Primer on Value-Based Revenue


There are a few types of value- or quality-based reimbursements out there, and I think as we try to increase the amount we can collect it is helpful to be sure everyone understands the differences between them, whose actions result in their being available, and potential strategies to distribute them.

  • “Quality Incentives” are paid directly to primary care providers by the payers. They track metrics of their choosing (things like A1c levels for diabetics), and they give the provider monetary reimbursement for achieving them. These can be process (getting A1c levels, regardless of how high they might be) or outcome (having a percentage of diabetics below 8).  There are numerous other measures, as well, and are decided by the individual payors.
  • “Shared Savings” is more complicated. There are quality measures that have to be met to be even eligible for shared savings; these are generally similar to those described above. Once you are eligible, the payer determines how much the expected spend should have been for the panel of patients, based on the number of lives covered and the overall sickness of those patients (HCC score). If the spend is less than what would have been expected for that cohort of patients, there are shared savings dollars available.  The physicians get (as a group, not individuals) a percentage of that saved money. The percentage varies depending on multiple factors, including whether the group took downside risk, meaning if the spend was higher than expected they would have paid it back; and exactly how well they performed on the quality measures.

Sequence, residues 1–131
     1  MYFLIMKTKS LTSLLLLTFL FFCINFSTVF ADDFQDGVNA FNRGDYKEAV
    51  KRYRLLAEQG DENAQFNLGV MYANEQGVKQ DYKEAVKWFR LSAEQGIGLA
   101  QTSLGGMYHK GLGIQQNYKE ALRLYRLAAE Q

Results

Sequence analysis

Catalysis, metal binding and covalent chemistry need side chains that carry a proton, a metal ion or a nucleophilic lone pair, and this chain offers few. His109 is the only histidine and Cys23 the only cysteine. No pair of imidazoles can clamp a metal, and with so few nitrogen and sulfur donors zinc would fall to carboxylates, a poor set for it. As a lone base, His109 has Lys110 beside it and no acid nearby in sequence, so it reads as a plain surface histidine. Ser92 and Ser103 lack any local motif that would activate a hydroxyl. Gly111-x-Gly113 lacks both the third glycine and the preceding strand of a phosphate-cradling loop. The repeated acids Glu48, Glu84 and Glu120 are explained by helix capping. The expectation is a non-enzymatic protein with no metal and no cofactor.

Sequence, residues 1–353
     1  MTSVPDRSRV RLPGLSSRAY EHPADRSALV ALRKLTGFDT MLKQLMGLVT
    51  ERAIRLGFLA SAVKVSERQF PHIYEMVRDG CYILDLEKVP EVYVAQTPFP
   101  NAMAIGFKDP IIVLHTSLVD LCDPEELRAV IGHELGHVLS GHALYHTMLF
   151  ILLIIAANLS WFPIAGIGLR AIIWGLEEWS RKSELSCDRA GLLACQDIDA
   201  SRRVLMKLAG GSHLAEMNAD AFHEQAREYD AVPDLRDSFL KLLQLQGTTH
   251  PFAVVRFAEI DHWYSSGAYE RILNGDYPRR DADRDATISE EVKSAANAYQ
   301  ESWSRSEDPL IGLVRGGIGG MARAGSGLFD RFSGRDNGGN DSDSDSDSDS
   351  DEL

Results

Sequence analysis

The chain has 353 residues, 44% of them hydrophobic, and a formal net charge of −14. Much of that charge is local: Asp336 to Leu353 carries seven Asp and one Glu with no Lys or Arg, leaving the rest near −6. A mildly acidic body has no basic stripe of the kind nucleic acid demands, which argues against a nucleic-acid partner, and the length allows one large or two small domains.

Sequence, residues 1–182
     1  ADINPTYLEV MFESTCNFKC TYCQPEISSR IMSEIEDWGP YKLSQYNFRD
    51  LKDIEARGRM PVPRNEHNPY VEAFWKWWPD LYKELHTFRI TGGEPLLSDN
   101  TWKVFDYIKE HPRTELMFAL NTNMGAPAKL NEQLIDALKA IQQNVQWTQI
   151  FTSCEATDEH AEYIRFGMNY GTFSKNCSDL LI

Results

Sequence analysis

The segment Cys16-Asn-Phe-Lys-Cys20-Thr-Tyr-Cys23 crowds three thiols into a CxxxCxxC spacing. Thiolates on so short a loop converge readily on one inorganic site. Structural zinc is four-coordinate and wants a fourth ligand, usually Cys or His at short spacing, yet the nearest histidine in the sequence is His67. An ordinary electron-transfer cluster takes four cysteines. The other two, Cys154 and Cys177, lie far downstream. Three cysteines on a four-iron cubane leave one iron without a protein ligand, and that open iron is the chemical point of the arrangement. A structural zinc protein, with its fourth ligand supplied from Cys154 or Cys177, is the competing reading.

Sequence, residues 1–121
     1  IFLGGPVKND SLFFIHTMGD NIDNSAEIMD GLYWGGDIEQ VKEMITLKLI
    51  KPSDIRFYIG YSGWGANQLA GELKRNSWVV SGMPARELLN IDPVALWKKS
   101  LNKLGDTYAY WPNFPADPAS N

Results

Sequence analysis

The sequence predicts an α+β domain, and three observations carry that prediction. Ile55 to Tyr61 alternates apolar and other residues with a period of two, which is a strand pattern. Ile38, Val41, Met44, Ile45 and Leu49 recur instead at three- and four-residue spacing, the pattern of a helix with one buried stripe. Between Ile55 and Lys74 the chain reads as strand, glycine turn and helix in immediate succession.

Numerous choices made by providers impact how much shared savings might be on the table. For example, a PCP might not order an MRI on a patient with new onset non-radicular back pain. A surgeon might choose to do an operation in a “low-cost center” such as an outpatient ASC rather than a much more expensive hospital setting. A PCP might send a patient to a specialist who doesn’t order as many labs and imaging studies. Other examples are use of generic or formulary drugs, avoidance of readmissions, and hospital discharges to home rather than facilities.

An important point is that the entry criteria to get the shared savings is in large part based on work done by primary care, but the actual savings are driven by the efforts of everyone in the group to differing degrees (and not necessarily in direct proportion to effort).  This makes the allocation of shared savings a more nuanced issue than the Quality Incentive money.   Data suggest that one third of medical spend is by primary care and two-thirds is by specialists.

Although we did bring in a significant amount of shared savings last year, our goal is to increase these sources of revenue a great deal. This and “risk contracting,” which is the extreme version, are the only sources of “new” money out there for direct clinical work. We all know Medicare, and by extension the commercial payers, aren’t giving us raises that even keep up with inflation. Over time, as the shared savings or risk income increases, it will become even more important to have a thoughtful mechanism for distributing it. There is a committee of your partners working on this issue already.